Sometimes it’s useful to be smaller if you want to make a change. It gives you more agility, something that holds true for companies and countries alike. Here in Germany, one of the largest European countries, actions to mitigate climate change and promote sustainability can seem very bureaucratic and slow.
⛰️ Just south of the border in much-smaller Austria, a small farming community has taken things into its own hands, with high-tech results you wouldn’t normally associate with a small town, as Hildegard Suntinger reports. The town of Schnifis is located in the Vorarlberg region, an area better known for hiking and skiing. Skiers and hikers, make way for a circular energy economy!
🚜 Another small European country not to be underestimated is Portugal. Here, a start-up has aims to make farms smarter, more productive and more sustainable by using data. You can think of it as ERP software for agriculture, an area that has traditionally been overlooked in the digital revolution. That is now changing: 4,000 farmers in Portugal have already digitized their farms using Wisecrop. Today Portugal, tomorrow Spain, and then the world!?
🦟 As the climate warms, tropical species are slowly expanding their habitats northwards and seasonal animal behaviors are changing. While we may welcome songbirds earlier in the spring, malaria-bearing mosquitoes are a different matt er. Continuing with the theme of small countries, Scotland with its University of Glasgow is leading the research in quickly identifying mosquitoes that can transmit malaria. While malaria is associated with tropical countries, it once was common in Europe, too. Perhaps this new method could help stop it from expanding its deadly reach again.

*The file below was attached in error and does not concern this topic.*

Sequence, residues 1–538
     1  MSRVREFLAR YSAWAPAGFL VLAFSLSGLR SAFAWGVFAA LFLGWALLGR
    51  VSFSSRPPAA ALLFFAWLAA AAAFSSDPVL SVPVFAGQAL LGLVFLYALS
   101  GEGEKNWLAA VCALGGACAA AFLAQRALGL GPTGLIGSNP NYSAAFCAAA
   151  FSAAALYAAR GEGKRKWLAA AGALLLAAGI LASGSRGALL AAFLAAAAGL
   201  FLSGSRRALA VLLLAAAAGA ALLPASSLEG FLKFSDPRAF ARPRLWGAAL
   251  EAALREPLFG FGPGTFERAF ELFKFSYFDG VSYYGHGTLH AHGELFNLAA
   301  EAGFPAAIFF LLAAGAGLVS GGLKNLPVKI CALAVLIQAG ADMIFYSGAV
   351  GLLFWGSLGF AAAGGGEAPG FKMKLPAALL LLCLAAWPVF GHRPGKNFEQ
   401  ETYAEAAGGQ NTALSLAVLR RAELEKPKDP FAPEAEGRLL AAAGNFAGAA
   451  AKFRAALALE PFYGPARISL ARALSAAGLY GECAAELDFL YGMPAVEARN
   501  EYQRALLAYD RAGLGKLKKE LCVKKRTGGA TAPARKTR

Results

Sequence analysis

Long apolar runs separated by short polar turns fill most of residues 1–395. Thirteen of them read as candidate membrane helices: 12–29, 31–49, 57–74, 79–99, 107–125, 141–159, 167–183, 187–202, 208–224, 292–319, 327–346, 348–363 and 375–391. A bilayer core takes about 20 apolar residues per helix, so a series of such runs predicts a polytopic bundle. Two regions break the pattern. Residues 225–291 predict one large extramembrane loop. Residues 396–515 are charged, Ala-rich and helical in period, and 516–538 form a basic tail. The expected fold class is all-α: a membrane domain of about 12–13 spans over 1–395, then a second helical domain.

👴 It isn’t just farms that have been slow on the uptake in the digital revolution. The elderly have also had a tough time getting on the bandwagon. I recall years ago seeing an elderly gentleman fumbling with the ATM at his bank, a technology that now seems prehistoric. The elderly and people in rural areas in Hungary have gotten a boost in this regard and are using google for the first time in their lives, as reported by Zsuzsi Palotas. A whopping 50 percent of the country has never used the internet or a smart device. The country’s National Digitalization Strategy aims to change this with a comprehensive program.
🛢️ The war in Ukraine still rages on. There is much buzz about decreasing dependency on Russian oil and gas so that we are not indirectly complicit by providing financing through the back door. But how realistic is it to completely decouple our economies from this energy source? This is not so easy, as Martin Visser points out that the energy transition needs more than neoliberalism, using the example of the Netherlands.
Sustainable energy is anything but easy. Perhaps this war will provide us with the motivation to put in the effort required to find solutions – regardless of the inconvenience and cost.
I wish you a pleasant, start-of-spring week!
Munich correspondent Innovation Origins